Notes: Abstract The reinforcing and subjective effects of phenylpropanolamine (PPA, 25 and 75 mg, PO) were compared with those of d-amphetamine (AMP, 5 mg) in a group of normal, healthy adults (eight males, nine females) with no history of drug abuse. A discrete-trial choice procedure was used in which subjects first sampled placebo and a dose of one of the drugs. Subjects were then allowed to choose between self-administration of drug or placebo on three separate occasions. The relative frequency with which active drug was chosen over placebo was used as the primary index of the drug's reinforcing efficacy. Subjective effects were measured with the Profile of Mood States, a short version of the Addiction Research Center Inventory and a series of visual analog scales. Ratings of drug liking, drug labelling, general activity level and strength of drug preference were also obtained. As expected, AMP was chosen significantly more often than expected by chance (69% of occasions). AMP also increased ratings of drug liking, preference strength, and activity level, and produced a profile of subjective effects consistent with its well-established stimulant and euphorigenic properties. The low dose of PPA was without effect on most measures. PPA 75 mg was chosen significantly less often than expected by chance (39% of occasions). This dose of PPA was most frequently labelled as a stimulant, and produced significant increases on ratings of Anxiety and “stimulated,” and decreases on ratings of “sedated” and “hungry.” Unlike AMP, PPA did not affect ratings of drug liking or mood scales reflecting euphoria. In sum, these results indicate that PPA does not possess AMP-like dependence potential.
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  • 9
    ISSN: 1432-2072
    Keywords: Human ; Marijuana ; Alcohol ; Drug interaction ; Residual effects ; Psychomotor effects ; Cognitive effects ; Subjective effects
    Source: Springer Online Journal Archives 1860-2000
    Topics: Medicine
    Notes: Abstract The duration of behavioral impairment after marijuana smoking remains a matter of some debate. Alcohol and marijuana are frequently used together, but there has been little study of the effects of this drug combination on mood and behavior the day after use. The present study was designed to address these issues. Fourteen male and female subjects were each studied under four conditions: alcohol alone, marijuana alone, alcohol and marijuana in combination, and no active treatment. Mood and performance assessments were made during acute intoxication and twice the following day (morning and mid-afternoon). Acutely, each drug alone produced moderate levels of subjective intoxication and some degree of behavioral impairment. The drug combination produced the greatest level of impairment on most tasks and “strong” overall subjective ratings. There were few significant interactions between the two drugs, indicating that their effects tended to be additive. Only weak evidence was obtained for subjective or behavioral effects the day after active drug treatments, although consistent time-of-day effects (morning versus afternoon) were observed on several subjective and behavioral measures. In sum, this study provided little evidence that moderate doses of alcohol and marijuana, consumed either alone or in combination, produce behavioral or subjective impairment the following day.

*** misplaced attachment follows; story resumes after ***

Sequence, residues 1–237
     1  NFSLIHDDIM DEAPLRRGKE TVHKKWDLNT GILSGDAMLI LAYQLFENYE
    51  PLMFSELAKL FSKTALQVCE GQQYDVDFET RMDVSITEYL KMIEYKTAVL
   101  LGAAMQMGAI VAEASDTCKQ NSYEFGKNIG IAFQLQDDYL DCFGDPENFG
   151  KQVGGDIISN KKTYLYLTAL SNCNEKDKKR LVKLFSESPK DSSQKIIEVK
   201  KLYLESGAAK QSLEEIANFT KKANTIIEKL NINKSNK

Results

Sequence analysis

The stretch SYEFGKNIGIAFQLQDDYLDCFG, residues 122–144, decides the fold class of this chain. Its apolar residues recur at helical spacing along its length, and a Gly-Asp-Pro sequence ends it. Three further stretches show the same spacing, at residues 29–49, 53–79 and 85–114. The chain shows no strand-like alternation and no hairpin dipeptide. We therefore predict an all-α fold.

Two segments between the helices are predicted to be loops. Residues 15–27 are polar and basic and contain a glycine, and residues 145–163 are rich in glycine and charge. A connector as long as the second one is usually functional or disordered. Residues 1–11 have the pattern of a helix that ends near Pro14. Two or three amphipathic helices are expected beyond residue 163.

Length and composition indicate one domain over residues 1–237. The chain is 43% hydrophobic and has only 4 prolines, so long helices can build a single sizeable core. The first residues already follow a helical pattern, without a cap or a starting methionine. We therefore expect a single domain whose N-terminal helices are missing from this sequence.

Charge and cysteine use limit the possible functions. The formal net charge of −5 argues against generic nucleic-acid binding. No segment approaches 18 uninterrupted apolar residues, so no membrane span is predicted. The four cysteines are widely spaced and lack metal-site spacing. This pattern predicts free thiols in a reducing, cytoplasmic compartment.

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  • 10
    Electronic Resource
    Electronic Resource
    Springer
    Psychopharmacology 113 (1994), S. 381-387 
    ISSN: 1432-2072
    Keywords: Ephedrine ; Abuse potential ; Mood ; Humans ; Subjective effects ; Self-administration ; Individual differences ; Gender
    Source: Springer Online Journal Archives 1860-2000
    Topics: Medicine
    Notes: Abstract There has been little study of the abuse liability of ephedrine, a naturally occurring drug used in medicine for thousands of years and currently sold as a “legal” stimulant. The present study measured the reinforcing and subjective effects of ephedrine in a group of 27 adults (18 females and 9 males) with no history of drug dependence. A discrete-trial choice procedure was used to assess the reinforcing effects of a single oral dose of ephedrine selected to produce a moderate subjective response in each subject (range: 37.5-75 mg). A number of variables (gender, current and past drug use, personality, and baseline mood and arousal) were examined in an attempt to identify sources of variability in response to ephedrine. Of the 27 subjects, 5 chose ephedrine on either 2 or 3 out of a possible 3 occasions; overall, ephedrine was chosen on 17% of occasions. In the group as a whole, ephedrine had no effect on ratings of drug liking, but did increase ratings of “high” and scores on the MBG (“euphoria”) scale of the Addiction Research Center Inventory. Ephedrine also increased scores on a number of mood scales reflecting CNS stimulation and anxiety. Ephedrine choice was positively associated with current use of marijuana and lower levels of baseline anxiety and hunger, as well as with lower scores on two scales measuring dimensions of the personality trait of harm avoidance. Males and females differed in their response to ephedrine — males chose ephedrine more frequently than females and showed a more positive mood response to the drug. When compared to the results of a prior study of the same design withd-amphetamine, these results demonstrate that ephedrine produces a different profile of subjective effects and is a less efficacious reinforcer than amphetamine, suggesting that ephedrine has a lower liability for abuse.